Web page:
The symptoms occur immediately following an injection and include fever, chills, shortness of breath, and violent shaking.
Metal fume fever
Cotton fever is a syndrome that is often associated with intravenous drug use, specifically with the use of cotton to filter drugs like heroin. It has been established that the condition derives from an endotoxin released by the bacteria Enterobacter agglomerans which colonizes cotton plants, not from the cotton itself. A condition very similar to cotton fever was described in the early 1940s among cotton-farm workers. The term cotton fever was coined in 1975 after the syndrome was recognized in intravenous drug users. However, some sources have attributed the symptoms of cotton fever with sepsis occasioned by unsafe and unsanitary drug injection practices. This is borne out by the fact that cotton fever symptoms have occurred among all intravenous drug users, with various filter materials utilized.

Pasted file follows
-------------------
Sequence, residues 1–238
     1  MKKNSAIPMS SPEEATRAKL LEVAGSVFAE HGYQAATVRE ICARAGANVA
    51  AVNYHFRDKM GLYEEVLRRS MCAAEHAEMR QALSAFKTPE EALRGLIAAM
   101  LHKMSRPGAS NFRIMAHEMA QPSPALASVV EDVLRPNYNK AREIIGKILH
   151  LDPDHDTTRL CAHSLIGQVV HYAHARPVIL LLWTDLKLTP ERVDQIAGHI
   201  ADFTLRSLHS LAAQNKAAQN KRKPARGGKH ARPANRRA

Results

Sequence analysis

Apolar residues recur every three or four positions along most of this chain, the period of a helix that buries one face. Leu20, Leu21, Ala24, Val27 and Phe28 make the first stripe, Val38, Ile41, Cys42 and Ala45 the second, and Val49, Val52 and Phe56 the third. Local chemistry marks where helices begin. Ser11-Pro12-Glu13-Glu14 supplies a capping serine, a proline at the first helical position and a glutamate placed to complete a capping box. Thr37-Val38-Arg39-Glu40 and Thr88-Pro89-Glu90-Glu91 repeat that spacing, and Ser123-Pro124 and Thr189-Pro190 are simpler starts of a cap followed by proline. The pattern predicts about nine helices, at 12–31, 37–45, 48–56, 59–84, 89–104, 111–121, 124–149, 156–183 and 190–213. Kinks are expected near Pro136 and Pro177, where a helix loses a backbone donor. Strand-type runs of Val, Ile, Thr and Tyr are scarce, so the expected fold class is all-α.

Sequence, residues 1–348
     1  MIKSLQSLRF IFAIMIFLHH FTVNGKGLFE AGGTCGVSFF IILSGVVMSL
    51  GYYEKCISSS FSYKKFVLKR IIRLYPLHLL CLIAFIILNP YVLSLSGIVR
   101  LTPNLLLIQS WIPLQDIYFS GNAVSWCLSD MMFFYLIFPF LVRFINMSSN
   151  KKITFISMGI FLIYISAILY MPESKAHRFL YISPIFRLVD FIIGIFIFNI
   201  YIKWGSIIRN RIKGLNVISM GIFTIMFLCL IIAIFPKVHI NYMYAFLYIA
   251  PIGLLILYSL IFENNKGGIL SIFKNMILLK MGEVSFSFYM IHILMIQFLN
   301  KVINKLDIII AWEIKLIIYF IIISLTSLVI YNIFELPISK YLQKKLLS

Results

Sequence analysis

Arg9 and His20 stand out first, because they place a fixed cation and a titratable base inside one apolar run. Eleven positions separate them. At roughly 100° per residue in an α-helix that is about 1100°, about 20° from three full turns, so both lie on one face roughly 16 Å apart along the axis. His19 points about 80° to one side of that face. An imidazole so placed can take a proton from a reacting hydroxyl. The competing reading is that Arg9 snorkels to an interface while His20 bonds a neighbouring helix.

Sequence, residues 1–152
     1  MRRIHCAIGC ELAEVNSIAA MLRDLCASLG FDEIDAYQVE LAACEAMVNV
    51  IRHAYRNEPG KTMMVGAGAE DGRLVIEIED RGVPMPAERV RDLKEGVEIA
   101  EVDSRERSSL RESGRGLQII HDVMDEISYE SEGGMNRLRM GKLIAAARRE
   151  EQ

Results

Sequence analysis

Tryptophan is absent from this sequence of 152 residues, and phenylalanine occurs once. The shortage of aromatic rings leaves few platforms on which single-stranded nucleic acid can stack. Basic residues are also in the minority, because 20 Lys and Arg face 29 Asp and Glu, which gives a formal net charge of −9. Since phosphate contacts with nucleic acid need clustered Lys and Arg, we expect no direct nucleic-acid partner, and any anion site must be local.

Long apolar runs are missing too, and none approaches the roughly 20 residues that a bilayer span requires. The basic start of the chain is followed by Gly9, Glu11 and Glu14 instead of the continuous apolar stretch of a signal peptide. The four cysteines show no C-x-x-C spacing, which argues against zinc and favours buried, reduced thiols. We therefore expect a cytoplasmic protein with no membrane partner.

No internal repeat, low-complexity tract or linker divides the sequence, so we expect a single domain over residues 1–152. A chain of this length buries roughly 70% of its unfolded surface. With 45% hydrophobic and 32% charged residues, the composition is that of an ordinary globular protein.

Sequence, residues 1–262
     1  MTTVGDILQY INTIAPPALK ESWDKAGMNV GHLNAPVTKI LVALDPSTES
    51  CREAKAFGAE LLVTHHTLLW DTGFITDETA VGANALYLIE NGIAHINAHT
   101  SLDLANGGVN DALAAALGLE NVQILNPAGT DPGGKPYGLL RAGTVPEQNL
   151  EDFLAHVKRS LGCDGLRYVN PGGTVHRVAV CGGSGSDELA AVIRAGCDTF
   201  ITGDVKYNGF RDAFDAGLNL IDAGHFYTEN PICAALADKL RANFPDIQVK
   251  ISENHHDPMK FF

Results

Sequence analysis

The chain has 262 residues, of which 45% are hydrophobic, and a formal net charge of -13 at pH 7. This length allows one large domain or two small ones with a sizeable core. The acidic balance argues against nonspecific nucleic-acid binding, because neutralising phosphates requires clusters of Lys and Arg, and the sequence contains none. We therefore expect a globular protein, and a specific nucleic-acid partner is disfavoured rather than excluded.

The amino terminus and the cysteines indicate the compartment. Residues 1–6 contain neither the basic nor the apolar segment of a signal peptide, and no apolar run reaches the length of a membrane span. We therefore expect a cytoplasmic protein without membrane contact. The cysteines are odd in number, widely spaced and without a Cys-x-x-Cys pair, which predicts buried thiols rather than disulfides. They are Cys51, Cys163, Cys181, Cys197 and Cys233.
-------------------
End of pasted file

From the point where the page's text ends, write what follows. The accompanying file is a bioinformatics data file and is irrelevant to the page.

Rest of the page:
shortness of breath
Legionella longbeachae is one species of the family Legionellaceae. It was first isolated from a patient in Long Beach, California. It is found predominantly in soil and potting compost. In humans, the infection is sometimes called Pontiac Fever. Human infection from L. longbeachae is particularly common in Australia, but cases have been documented in other countries including the United States, Japan, Greece and the UK.
The infection can be very serious, often leading to hospitalisation and sometimes death.
Health Medical Pharma
Dyspnea (// disp-NEE-ə; also dyspnoea; Latin: dyspnoea; Greek: δύσπνοια, dýspnoia), shortness of breath (SOB), or air hunger, is the subjective symptom of breathlessness.
The clinical definition of dyspnea is an uncomfortable awareness of one's breathing effort. It is a normal symptom of heavy exertion but becomes pathological if it occurs in unexpected situations. In 85% of cases it is due to either asthma, pneumonia, cardiac ischemia, interstitial lung disease, congestive heart failure, chronic obstructive pulmonary disease, or psychogenic causes. Treatment typically depends on the underlying cause.